Revised: December 2018
By Sarah Owens and Michael Livingston
[Originally posted under the title, "Neither Collaboration, Nor Collective Impact."]
federal grants program (link is to City's old website, which links to the 2016 AAP, but access is dodgy, and readers might need to ask City staff to assist.)
We were not the first to make the observation, however. As noted recently by former Salem Planning Commission member Rick Stucky:
"One of the major hurdles in developing more [affordable] housing is limited federal funds, but also the city's urban renewal [development] department. The department over the 20+ years I was involved with SKCDC [Salem Keizer Community Development Corp.] went from an agency that worked with affordable housing organizations [to] help break down those barriers to one that was focused on HUD compliance. That is not to say the early years they were not looking at HUD compliance, it's to say the staff at that time had a vision and creativeness to work within the regulations and with the affordable housing organizations." [Emphasis added.]
|Dammasch State Hospital|
Kristin Retherford, Salem's new Director of Urban Development, was working as a project director, urban renewal manager and economic development manager for Wilsonville during the time Villebois was being built, so perhaps there is hope for change under her leadership.
|Shangri-La Staff at May Meeting|
To find out what the barriers are to providing efficient and effective services, they divided us into two groups, rural and urban. The responses were similar, and not surprising.
Providers pretty much seemed to accept as given that there was not enough cooperation between providers and not enough money.
Participants were also aware of 211info.org and lamented the demise of Marion County's Community Resource Network (CRN), which 211 more or less replaced. [Update: CRN was reinstated in July 2017.]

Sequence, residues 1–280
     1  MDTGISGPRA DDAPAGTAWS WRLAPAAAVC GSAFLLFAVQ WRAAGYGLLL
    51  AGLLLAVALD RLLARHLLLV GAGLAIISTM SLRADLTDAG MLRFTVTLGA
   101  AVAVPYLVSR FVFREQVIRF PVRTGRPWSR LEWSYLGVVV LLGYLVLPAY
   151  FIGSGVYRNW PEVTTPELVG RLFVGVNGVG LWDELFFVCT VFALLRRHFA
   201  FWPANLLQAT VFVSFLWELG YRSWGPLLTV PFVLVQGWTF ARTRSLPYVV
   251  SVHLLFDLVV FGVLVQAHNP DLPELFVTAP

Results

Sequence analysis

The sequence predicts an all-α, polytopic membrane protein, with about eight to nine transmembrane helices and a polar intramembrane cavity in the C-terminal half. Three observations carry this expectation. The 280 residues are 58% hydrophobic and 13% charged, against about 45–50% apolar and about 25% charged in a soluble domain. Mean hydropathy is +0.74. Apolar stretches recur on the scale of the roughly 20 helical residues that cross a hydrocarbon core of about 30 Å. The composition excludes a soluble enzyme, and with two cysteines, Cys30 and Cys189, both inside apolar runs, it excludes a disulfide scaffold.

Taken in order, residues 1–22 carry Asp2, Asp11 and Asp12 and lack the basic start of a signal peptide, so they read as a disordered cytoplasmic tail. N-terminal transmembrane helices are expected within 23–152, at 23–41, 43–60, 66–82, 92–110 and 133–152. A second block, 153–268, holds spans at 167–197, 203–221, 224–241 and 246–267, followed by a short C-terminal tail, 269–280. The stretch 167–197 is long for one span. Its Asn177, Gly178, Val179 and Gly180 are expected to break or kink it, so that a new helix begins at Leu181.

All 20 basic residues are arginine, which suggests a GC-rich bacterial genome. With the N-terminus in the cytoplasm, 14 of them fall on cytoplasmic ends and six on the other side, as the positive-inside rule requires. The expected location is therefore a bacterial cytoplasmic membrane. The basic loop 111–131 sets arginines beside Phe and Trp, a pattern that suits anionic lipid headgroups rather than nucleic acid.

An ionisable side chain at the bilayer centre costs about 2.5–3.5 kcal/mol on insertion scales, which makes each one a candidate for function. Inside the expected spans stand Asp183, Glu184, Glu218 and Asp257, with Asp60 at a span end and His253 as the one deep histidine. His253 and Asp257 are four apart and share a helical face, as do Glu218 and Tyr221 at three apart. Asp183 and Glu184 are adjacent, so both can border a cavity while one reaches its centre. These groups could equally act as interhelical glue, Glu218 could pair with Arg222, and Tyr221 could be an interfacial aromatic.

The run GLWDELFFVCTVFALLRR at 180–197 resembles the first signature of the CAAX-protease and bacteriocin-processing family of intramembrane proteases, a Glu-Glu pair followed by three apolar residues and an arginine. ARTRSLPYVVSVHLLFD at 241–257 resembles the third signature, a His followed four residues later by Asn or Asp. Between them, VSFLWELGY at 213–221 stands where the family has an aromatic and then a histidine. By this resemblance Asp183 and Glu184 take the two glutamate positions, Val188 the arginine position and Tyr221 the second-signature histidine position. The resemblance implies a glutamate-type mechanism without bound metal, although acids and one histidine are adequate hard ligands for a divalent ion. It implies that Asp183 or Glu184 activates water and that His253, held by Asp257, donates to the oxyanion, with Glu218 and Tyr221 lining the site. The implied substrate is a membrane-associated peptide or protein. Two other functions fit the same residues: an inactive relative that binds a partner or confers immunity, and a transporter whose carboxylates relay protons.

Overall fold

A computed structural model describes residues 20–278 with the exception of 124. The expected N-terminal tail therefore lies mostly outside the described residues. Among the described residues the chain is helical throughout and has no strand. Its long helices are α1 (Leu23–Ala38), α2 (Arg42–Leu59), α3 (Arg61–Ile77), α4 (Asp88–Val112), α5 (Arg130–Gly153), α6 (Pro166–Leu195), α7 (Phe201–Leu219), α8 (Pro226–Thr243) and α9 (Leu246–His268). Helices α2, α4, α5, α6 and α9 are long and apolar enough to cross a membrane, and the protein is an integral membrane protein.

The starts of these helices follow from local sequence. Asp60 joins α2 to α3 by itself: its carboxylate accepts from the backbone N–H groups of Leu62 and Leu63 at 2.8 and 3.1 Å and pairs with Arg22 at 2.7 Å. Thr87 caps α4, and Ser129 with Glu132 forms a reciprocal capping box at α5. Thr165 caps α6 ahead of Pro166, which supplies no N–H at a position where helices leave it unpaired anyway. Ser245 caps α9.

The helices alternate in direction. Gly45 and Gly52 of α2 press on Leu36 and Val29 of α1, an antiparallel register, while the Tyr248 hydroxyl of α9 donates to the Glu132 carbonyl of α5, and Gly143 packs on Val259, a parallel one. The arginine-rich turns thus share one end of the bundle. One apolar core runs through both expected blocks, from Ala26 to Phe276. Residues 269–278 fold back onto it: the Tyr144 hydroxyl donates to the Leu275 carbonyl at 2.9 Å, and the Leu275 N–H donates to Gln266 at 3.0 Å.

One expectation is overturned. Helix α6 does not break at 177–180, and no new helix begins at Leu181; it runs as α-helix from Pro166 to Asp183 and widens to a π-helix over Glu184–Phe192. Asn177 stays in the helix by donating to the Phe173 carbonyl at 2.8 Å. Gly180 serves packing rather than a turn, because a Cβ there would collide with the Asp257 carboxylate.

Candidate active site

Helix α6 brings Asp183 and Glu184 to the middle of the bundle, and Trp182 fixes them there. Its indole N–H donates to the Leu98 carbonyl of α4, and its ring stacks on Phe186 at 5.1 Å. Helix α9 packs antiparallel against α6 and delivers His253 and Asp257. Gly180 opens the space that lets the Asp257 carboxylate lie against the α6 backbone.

Barriers to Providing Services
- not knowing where to send/refer someone for help
- program limitations (e.g., age, gender)
- not knowing or being able to find out program limitations prior to referral
- lack of interaction/guidance with/from/for providers
- incorrect/out-dated information about programs resulting in a dead-end
- wait lists
- systems trauma (trust)
- lack of trauma-informed services
- lack of transition services
- literacy, language, and clients who just cannot comprehend what is being offered
- depression and other mental illness
- criminal or eviction history
- lack of ID, parental consent or funds (e.g., security deposit)
- having to choose between needs (e.g., providing shelter and keeping a youth in school)
The group briefly discussed implementing in Marion County the service integration and co-location models that Polk County uses. There was general agreement that the programs were effective, but others had tried to implement the service integration model in Marion County, without success. One participant suggested Salem's neighborhood associations might facilitate collaborative efforts, however, they tend to focus on protecting private property interests, parks, and other quality-of-middle-class-life issues, not on social services. Organizers did not share their next steps.